Halloween Safety Tips & Alternatives to Trick-or-Treating

Fran
Lucy Lazarony
November 4, 2020

It is the scariest night of the year but you want your children to be safe. Here are some tips to make Halloween night safe for everyone. Make sure all costumes, wigs and accessories are fire-resistant. If children are out after dark, fasten reflective tape to their costumes or give them glow sticks to carry. Always buy non-toxic Halloween makeup and test it in a small area first. Remove all Halloween makeup before children go to bed to prevent skin and eye irritation. When out in the neighborhood, an adult should accompany young children when they go trick-or-treating. So there are no surprises, agree on a specific time that children should be home. Children should travel in familiar, well-lit areas and stay with their friends.

Halloween with COVID-19

Celebrating Halloween is going to be different this year because of COVID-19. Here are some ways to stay safe and still have a spooky holiday. These tips are from the Centers for Disease Control (CDC).

Low Risk Activities

Here are some fun, holiday activities that are low risk and safe alternatives for families.

  • Carve or decorate pumpkins with members of your family and display the pumpkins. Carve or decorate pumpkins outside at a safe distance from neighbors and friends.
  • Decorate your house or apartment for Halloween.
  • Have a Halloween scavenger hunt. Give children a list of Halloween-themed things to look for as they walk the neighborhood and admire Halloween decorations from a distance.
  • Have a virtual Halloween contest. Host a Halloween movie night with the people you live with.
  • Trick-or-treat within your own house instead of going house to house.

Moderate Risk Activities

These are more moderate risk activities for Halloween during COVID-19.

  • Participate in one-way trick-or-treating. Individually-wrapped goodie bags are lined up for families to grab at the end of the driveway or the end of the yard, maintaining social distancing.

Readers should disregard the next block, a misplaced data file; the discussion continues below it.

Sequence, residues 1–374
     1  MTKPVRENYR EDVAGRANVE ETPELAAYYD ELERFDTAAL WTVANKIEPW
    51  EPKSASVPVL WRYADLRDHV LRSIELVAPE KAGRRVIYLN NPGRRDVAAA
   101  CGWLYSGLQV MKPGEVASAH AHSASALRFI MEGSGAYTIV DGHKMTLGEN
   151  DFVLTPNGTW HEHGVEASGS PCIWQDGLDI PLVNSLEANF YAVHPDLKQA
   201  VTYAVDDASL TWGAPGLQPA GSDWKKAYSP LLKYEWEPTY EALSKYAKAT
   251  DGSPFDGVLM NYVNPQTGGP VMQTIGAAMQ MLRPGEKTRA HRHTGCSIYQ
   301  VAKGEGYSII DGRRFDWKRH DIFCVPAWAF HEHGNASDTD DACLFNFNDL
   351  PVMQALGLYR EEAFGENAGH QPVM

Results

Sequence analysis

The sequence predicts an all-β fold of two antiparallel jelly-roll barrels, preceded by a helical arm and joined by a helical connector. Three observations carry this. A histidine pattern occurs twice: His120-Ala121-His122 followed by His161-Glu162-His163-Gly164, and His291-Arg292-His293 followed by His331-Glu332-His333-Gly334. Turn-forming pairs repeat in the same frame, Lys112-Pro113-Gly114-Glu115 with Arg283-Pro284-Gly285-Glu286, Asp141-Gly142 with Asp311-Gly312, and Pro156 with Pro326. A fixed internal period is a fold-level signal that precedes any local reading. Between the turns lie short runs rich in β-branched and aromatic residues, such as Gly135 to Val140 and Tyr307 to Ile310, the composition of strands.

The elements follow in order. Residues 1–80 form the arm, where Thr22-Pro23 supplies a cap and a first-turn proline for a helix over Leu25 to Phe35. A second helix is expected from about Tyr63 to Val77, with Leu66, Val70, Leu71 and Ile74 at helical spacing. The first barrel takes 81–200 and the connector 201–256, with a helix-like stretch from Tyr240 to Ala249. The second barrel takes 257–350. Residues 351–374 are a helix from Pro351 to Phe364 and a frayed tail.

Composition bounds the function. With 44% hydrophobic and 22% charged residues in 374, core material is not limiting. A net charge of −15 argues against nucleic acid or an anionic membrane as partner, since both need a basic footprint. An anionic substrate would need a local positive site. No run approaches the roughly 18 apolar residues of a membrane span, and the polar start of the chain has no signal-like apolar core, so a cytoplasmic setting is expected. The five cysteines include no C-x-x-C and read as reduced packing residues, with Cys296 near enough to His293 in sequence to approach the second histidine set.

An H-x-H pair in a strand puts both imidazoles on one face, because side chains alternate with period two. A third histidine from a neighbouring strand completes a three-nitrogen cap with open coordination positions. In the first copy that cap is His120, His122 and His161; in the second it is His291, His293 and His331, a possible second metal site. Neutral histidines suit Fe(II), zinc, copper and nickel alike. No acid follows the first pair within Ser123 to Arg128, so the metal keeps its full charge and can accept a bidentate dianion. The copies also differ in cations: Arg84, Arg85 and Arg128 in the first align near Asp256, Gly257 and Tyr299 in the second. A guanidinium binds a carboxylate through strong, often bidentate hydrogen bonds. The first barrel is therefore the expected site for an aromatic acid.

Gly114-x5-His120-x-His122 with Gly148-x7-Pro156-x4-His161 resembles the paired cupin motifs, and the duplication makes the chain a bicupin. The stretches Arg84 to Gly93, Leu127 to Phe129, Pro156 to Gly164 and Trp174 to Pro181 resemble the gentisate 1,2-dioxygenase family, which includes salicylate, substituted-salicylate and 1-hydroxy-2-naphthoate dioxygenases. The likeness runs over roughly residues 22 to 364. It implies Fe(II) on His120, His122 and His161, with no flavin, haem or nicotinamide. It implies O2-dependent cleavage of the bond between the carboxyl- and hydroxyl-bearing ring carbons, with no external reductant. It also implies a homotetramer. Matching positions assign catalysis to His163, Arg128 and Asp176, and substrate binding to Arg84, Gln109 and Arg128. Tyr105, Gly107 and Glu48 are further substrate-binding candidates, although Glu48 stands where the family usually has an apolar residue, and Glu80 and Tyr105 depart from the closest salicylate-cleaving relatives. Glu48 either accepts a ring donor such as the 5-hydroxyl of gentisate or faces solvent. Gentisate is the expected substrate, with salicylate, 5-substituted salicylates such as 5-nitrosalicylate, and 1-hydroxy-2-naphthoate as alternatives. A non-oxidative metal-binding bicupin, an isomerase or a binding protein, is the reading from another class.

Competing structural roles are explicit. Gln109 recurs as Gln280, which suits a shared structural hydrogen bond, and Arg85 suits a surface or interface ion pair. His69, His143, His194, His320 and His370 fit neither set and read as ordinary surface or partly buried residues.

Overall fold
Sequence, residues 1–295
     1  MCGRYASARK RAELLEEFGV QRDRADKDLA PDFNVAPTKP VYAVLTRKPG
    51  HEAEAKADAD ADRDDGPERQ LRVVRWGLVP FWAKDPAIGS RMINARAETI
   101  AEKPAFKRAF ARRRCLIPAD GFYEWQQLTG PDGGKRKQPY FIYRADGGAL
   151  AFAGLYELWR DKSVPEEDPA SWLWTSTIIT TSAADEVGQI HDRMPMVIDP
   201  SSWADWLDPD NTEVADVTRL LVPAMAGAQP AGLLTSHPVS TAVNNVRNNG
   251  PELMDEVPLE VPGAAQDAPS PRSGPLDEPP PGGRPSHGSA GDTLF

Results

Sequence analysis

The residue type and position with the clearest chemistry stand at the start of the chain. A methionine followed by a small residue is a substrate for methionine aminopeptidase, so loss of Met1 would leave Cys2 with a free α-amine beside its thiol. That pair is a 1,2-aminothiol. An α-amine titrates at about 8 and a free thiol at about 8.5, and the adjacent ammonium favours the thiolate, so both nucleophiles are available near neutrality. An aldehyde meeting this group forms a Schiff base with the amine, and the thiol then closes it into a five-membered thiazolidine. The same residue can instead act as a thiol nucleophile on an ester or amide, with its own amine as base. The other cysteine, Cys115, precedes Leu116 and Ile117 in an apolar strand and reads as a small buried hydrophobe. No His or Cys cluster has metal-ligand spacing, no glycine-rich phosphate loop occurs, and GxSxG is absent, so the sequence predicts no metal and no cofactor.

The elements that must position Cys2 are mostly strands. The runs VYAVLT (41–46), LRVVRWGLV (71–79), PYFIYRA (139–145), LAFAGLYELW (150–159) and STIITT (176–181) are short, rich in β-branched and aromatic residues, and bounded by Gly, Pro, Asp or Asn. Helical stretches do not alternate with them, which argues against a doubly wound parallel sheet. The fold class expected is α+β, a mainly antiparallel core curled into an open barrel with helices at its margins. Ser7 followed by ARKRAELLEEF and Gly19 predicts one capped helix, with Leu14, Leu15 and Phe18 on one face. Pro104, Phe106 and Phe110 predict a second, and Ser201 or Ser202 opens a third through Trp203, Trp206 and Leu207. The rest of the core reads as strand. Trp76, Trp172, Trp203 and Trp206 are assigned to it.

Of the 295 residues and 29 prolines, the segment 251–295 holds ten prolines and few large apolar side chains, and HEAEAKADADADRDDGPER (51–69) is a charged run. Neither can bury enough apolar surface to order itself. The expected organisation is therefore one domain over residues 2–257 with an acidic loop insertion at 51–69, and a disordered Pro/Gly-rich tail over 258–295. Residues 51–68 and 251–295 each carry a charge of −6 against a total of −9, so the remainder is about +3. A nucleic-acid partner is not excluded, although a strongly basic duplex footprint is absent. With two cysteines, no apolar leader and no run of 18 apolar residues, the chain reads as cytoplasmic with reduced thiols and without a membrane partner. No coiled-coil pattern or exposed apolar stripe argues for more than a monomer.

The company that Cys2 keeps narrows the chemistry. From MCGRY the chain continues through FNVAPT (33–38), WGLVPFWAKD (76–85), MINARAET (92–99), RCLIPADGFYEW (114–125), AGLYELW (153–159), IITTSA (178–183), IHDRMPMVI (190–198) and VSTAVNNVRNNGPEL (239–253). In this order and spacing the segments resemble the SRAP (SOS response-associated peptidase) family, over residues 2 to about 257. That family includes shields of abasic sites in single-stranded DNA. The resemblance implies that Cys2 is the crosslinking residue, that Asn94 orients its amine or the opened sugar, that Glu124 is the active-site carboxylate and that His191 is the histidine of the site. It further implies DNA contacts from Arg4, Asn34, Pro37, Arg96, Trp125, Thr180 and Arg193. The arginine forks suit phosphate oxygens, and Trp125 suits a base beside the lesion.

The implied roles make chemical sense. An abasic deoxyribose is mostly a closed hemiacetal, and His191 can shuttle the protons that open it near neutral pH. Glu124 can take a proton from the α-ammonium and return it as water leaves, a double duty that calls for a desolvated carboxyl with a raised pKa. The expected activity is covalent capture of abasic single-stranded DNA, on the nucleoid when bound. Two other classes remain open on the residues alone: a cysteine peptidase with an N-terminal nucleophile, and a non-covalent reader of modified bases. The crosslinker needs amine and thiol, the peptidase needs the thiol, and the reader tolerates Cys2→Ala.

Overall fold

• If you are preparing goodie bags, wash your hands with soap and water for at least 20 seconds before and after preparing the bags.
  • Have a small group, outdoor, open-air costume parade where people are distanced more than six feet apart.
  • Attend a costume party held outdoors where protective masks are used and people can remain more than six feet apart.

COVID Masks and Alternative Fun

A word about masks on Halloween. A costume mask is not a substitute for a cloth mask. A costume mask should not be used unless it is made of two or more layers of breathable fabric that covers the mouth and nose and doesn’t have gaps around the face.

Do not wear a costume mask over a protective cloth mask because it can be dangerous if the costume mask makes it hard to breathe. Instead, consider using a Halloween-themed cloth mask.

Go to an open-air, one-way, walk-through haunted forest, with appropriate mask use and remain six feet apart.

If screaming is likely, put in greater distances around others. The greater the distance, the lower the risk of spreading respiratory virus.

Visit pumpkin patches or orchards. Use hand sanitizer before touching pumpkins or picking apples. Wearing masks is encouraged and enforced and people are able to maintain social distancing.

Having an outdoor movie night with family and friends with people spaced at least six feet apart. If screaming is likely, put in greater distance around others.

High Risk Activities

Here are some high risk activities to avoid this Halloween. Avoiding these activities will help prevent the spread of the virus that causes COVID-19.

  • Traditional trick-or-treating where treats are handed to children who go door to door.
  • Trunk-or-treating, which is when treats are handed out from trunks of cars lined up in large parking lots.
  • Crowded costume parties held indoors.
  • Indoor haunted house where people may be crowded together and screaming.